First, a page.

The findings showed that women having a higher percentage of the molecular marker Ki67 are five times more likely to increase their risk of developing breast cancer.Ki67 can be found in the cells called the mammary epithelium that line the mammary ducts and milk-producing lobules.
These cells undergo drastic changes throughout a woman’s life and a majority of breast cancers originate in these tissues.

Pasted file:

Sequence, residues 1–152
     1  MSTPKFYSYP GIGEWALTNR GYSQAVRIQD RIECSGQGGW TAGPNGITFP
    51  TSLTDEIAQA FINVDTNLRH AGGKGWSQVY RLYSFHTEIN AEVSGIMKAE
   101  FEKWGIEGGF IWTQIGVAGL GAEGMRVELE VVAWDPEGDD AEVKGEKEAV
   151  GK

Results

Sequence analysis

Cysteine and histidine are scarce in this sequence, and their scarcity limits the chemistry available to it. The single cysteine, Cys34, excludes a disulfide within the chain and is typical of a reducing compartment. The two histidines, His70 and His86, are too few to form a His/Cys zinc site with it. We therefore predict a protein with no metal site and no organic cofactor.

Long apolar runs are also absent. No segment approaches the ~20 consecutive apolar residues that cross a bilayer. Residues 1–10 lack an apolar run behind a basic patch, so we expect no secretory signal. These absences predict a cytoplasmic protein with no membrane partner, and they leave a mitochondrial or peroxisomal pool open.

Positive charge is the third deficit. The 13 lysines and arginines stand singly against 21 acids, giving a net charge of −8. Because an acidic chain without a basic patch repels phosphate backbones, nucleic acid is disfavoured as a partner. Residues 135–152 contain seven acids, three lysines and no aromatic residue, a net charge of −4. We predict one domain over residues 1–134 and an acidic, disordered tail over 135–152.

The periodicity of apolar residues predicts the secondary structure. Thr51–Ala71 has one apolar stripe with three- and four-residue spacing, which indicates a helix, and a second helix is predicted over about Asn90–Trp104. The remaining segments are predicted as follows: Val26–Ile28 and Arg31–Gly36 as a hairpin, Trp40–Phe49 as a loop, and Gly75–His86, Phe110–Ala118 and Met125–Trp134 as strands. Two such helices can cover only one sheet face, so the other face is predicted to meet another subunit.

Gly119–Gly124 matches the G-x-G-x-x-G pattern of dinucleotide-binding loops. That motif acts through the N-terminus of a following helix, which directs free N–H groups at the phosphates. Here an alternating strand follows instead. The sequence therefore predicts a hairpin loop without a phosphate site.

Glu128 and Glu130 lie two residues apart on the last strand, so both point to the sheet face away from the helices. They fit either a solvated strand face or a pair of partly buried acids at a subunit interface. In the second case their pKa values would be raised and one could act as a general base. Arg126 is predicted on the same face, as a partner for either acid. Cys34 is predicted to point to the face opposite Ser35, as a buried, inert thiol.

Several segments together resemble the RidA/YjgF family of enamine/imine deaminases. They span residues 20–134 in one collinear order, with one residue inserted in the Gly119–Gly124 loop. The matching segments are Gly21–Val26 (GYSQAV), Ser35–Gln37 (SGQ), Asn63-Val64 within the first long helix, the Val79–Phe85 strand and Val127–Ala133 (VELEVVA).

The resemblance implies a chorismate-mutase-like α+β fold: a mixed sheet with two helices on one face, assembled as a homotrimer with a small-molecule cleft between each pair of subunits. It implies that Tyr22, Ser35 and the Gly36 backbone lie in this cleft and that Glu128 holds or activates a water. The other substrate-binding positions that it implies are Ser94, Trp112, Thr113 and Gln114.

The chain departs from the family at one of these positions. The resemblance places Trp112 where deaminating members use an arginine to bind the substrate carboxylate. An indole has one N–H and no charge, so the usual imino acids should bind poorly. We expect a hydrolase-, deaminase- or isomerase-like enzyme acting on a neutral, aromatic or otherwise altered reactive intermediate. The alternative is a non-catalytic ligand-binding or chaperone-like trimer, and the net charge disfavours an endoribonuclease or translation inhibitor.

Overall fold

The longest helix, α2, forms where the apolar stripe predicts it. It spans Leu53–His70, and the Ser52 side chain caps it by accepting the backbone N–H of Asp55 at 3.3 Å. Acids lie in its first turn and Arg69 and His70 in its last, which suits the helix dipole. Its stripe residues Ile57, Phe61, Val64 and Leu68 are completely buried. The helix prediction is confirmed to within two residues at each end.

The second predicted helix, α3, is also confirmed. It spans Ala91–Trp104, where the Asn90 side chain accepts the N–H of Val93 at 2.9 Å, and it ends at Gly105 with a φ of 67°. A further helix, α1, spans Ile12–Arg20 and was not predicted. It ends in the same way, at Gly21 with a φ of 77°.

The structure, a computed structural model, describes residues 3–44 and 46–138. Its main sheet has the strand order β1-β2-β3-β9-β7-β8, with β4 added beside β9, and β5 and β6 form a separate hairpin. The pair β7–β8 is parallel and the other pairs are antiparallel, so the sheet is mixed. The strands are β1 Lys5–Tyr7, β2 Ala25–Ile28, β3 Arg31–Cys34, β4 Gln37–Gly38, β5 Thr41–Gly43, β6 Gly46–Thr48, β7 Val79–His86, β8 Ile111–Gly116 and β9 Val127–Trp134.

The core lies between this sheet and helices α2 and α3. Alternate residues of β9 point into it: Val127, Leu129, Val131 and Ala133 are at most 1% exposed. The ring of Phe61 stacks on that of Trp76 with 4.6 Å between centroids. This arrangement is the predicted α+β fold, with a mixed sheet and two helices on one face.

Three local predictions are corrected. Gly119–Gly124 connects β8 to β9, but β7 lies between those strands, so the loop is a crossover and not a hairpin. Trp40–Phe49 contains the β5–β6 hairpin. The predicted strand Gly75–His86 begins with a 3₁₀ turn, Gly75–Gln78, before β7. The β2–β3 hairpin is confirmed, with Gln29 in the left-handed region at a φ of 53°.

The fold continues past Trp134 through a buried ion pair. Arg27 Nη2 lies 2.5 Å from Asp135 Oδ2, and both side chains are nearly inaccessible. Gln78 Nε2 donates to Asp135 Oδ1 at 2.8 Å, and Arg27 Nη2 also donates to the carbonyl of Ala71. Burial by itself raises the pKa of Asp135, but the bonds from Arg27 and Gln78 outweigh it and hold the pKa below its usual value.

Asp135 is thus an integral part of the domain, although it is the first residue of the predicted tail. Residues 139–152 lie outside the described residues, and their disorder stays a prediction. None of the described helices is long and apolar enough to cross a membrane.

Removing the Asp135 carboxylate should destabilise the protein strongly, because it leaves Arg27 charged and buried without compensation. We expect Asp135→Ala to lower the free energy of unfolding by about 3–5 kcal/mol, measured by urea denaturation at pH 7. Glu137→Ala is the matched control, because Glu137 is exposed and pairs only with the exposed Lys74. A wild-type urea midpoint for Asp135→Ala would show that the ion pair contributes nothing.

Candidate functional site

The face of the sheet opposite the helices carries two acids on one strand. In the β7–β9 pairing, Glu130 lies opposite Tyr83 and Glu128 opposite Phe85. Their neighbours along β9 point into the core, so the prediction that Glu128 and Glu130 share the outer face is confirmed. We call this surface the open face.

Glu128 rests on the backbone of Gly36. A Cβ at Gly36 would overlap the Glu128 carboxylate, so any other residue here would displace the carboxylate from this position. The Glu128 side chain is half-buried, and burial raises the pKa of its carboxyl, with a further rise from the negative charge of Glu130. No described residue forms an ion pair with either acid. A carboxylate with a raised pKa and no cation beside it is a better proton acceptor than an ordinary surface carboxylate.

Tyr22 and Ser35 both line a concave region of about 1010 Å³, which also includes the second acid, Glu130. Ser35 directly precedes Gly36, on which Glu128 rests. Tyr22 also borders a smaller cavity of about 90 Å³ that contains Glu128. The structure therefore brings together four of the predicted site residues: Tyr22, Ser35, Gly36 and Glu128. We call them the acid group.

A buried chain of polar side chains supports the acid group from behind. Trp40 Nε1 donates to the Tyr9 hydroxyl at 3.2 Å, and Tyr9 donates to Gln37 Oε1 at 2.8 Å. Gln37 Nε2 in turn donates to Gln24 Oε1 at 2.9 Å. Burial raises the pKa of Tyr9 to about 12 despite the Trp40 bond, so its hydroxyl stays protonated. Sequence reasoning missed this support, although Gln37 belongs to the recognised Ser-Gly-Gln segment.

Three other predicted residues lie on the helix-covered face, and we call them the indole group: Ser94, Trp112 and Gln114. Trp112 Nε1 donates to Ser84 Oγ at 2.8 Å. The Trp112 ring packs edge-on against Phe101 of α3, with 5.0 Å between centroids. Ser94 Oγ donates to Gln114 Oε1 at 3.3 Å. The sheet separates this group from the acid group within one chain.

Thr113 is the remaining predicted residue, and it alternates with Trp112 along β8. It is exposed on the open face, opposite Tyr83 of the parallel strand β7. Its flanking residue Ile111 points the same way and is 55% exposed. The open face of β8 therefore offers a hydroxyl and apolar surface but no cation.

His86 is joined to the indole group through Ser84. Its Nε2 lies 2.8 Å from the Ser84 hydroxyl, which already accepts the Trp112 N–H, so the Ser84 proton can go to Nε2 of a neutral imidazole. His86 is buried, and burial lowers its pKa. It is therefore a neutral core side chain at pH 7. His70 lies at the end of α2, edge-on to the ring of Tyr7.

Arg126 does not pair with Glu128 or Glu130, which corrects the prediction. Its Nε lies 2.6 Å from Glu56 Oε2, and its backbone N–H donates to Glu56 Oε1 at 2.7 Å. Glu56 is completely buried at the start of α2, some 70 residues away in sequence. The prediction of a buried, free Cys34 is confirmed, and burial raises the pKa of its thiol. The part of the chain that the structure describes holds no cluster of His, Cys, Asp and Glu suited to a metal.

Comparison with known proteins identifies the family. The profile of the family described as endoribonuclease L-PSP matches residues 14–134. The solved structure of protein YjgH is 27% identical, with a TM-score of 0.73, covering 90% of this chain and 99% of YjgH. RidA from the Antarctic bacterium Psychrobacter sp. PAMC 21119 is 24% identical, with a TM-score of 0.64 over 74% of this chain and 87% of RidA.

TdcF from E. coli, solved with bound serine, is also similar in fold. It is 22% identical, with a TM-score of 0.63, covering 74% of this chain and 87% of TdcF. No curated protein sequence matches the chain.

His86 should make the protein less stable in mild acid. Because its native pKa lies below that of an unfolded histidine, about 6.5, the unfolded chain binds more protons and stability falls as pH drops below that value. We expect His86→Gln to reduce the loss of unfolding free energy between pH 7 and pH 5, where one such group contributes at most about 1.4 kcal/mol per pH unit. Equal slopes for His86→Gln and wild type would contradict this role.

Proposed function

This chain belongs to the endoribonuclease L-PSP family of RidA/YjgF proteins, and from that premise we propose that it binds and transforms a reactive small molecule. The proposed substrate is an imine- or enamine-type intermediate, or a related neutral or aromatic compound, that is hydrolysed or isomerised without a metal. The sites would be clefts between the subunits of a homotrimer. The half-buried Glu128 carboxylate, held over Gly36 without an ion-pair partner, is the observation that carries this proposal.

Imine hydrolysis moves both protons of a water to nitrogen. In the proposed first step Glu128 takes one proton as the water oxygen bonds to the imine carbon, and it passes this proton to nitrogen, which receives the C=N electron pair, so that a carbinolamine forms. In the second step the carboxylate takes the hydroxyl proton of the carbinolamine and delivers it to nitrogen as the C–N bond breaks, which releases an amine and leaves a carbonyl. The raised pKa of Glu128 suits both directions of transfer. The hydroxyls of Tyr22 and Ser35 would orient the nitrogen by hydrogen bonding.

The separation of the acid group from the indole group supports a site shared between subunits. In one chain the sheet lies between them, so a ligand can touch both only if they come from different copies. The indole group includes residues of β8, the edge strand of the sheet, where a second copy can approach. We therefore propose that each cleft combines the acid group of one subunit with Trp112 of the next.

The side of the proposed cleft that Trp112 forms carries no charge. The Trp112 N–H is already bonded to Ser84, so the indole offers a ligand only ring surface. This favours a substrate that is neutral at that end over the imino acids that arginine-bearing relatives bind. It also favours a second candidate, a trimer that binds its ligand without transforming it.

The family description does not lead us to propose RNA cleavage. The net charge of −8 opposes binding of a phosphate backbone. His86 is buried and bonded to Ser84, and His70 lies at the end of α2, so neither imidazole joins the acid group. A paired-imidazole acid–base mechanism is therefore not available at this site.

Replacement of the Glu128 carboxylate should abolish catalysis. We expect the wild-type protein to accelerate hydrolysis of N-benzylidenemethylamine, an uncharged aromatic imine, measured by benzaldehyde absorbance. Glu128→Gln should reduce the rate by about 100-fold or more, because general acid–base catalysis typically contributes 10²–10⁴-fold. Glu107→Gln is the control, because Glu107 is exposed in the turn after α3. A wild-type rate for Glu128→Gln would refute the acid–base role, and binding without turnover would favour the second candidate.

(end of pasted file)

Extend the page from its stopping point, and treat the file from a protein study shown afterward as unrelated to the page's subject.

“Instead of only telling women that they don’t have cancer, we could test the biopsies and tell women if they were at high risk or low risk for developing breast cancer in the future,” said Kornelia Polyak, researcher at Harvard University in US.
Though doctors test breast tumors for Ki67 levels, the study published online in the Journal Cancer Research is the first to link Ki67 to precancerous tissue and use it as a predictive tool.
The team examined biopsies from 302 women who had been diagnosed with benign breast disease.Of these, the researchers compared the tissue of 69 women who later developed cancer and 233 who did not.